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Usually, people hire lawyers to have their Last Will and Testament prepared and executed as a protection against errors in writing their Will and against anyone challenging their decisions about who should get what after they’ve passed. Parents know their kids: getting a Will written may mean a lot less squabbling when the time comes to divide assets. Going to an attorney for estate planning is a great idea. We recommend it!

However, this doesn’t mean that everyone takes this precaution — and if they do, it doesn’t guarantee that an error won’t occur that will impact the viability of their written directive on how their property is to be distributed after they’re deceased.

What happens if there is a mistake? Sometimes, that error dooms the Will; mistakes can void a Will in Florida.

Pursuant to Florida law, if there is a mistake in drafting a Will, or a part of the Will – like a codicil – then the law can deem it void. This is according to Florida Statute 732.5165 which states:

A will is void if the execution is procured by fraud, duress, mistake, or undue influence. Any part of the will is void if so procured, but the remainder of the will not so procured shall be valid if it is not invalid for other reasons. If the revocation of a will, or any part thereof, is procured by fraud, duress, mistake, or undue influence, such revocation is void.

What does void mean under Florida law?

When a legal document in Florida is “void,” it means that it is given no legal respect whatsoever. It’s got no power. A void Will, filled with words, equals a blank piece of paper. Whether or not a Will is void must be decided by a judge, and a formal court ruling (order, judgment) will be filed in the probate records deeming the probated Will void and superseding any legal effect it once had.

Mistakes: “He just forgot!”

Not every mistake will destroy a Will, even if seems to be an unfair result. For instance, in the case of Azcunce v. Estate of Azcunce, Mr. Rene Azcunce went to his lawyer and made out a Will which included a trust; beneficiaries being listed as his wife (as “surviving spouse”) and his three kids, Lisette, Natalie, and Gabriel. A few months later, Mr. Azcunce added a codicil to the Will. Three years later, he added another one. Never did he consider that he might have any more kids who needed to be included there, and no language was written in either the Will or its codicils about any more children.

Within a year of Mr. Azcunce writing that first Will, however, his daughter Patricia was born. And six months after that second codicil, Mr. Azcunce died of a heart attack at the young age of 38. What about Patricia?

After the Will and its codicils were admitted to probate, a challenge to the Will was filed on behalf of the child Patricia for a statutory share of her father’s estate as a pretermitted child. Patricia lost.

The mistake in not adding Patricia’s name to his Will (or those codicils) did not void the Will. There was no ambiguity found in the Will documents to allow for witness testimony to explain things (parol evidence). Here, the court found that if the lawyer was found to have committed malpractice in not making sure that Rene Azcunce remembered to include his baby daughter in his Will, then that was not a mistake which would void the Will.   Azcunce v. Estate of Azcunce, 586 So.2d 1216 (Fla. 3d DCA 1991).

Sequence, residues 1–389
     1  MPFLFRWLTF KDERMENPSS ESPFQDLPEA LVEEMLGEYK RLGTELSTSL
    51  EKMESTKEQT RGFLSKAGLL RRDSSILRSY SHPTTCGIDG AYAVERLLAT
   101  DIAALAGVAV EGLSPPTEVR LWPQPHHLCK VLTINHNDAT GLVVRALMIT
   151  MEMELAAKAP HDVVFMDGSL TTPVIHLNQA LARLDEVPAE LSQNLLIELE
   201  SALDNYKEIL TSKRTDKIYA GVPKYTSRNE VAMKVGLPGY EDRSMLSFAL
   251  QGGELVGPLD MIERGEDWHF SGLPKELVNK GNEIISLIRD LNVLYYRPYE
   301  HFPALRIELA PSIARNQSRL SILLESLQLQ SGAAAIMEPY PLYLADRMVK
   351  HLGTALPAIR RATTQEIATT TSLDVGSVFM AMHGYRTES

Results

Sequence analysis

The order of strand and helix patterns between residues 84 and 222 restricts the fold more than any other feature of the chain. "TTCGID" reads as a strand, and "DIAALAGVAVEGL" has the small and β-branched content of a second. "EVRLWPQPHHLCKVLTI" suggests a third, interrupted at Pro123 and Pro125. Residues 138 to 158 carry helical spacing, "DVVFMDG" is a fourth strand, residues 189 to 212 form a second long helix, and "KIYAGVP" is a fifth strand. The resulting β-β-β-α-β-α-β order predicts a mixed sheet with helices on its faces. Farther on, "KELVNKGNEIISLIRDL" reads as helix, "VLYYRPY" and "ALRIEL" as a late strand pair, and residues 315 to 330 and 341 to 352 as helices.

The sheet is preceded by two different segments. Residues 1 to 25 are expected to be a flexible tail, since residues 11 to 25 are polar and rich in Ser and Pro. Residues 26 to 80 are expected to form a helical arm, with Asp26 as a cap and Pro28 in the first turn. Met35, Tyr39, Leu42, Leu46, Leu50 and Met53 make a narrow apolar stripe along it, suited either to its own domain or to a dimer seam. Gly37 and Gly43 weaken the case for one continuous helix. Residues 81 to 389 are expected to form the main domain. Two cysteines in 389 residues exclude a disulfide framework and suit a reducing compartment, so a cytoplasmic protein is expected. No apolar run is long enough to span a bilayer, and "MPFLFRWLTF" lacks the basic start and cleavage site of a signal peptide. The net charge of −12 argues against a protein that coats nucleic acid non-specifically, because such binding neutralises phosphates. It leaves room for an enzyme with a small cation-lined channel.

Mistakes: “It’s not what he really wanted!”

If a mistake is made in drafting a Will insofar as the reasons for executing its provisions, and not in the wording of the documents, then that mistake still may not be enough for cancellation or voiding of the Will. Forsythe v. Spielberger, 86 So.2d 427 (1956)

For example, in the case of York v. Smith, a man believed that his child was not really his own biological offspring and for this reason, did not include the boy in his Will. After he passed away, the child challenged the Will arguing his right to inherit and that his father had made a mistake in failing to name him as a beneficiary. They were father and son: if the father knew that, he would have included his son in the Will.

This did not matter. The court held that without proof that the father’s testamentary capacity had been crippled in some way, causing him to fail to include the child in his Will, nothing changed. Without evidence of some kind of “insane delusion” or other lack of testamentary capacity, the challenge to void the Will based upon the mistake was held to be insupportable. The will stood as written, the mistake did not void the Will. York v. Smith, 385 So. 2d 1110 (Fla. Dist. Ct. App. 1980).

When Will a Mistake Void the Will?

Both these cases seem very unfair, don’t they? Mistakes can void a Will under Florida probate law; however, as these two examples demonstrate, it is a difficult case to prove to a probate court judge. Florida law will give respect to the wishes of the decedent and the language of the Will is given great honor, even if it seems unfair and unjust to many. (See our earlier post discussing how probate judges are zealous in protecting what they believe to be the last wishes of the deceased as written in their Will.)

However, if the Will contest can provide evidence that there was something more involved in the situation that caused the mistake — something like fraud, or undue influence, or mental incapacity (what the York court called “insane delusion”) — then the mistake may result in a voided Will. We’ll be discussing these situations in future posts.

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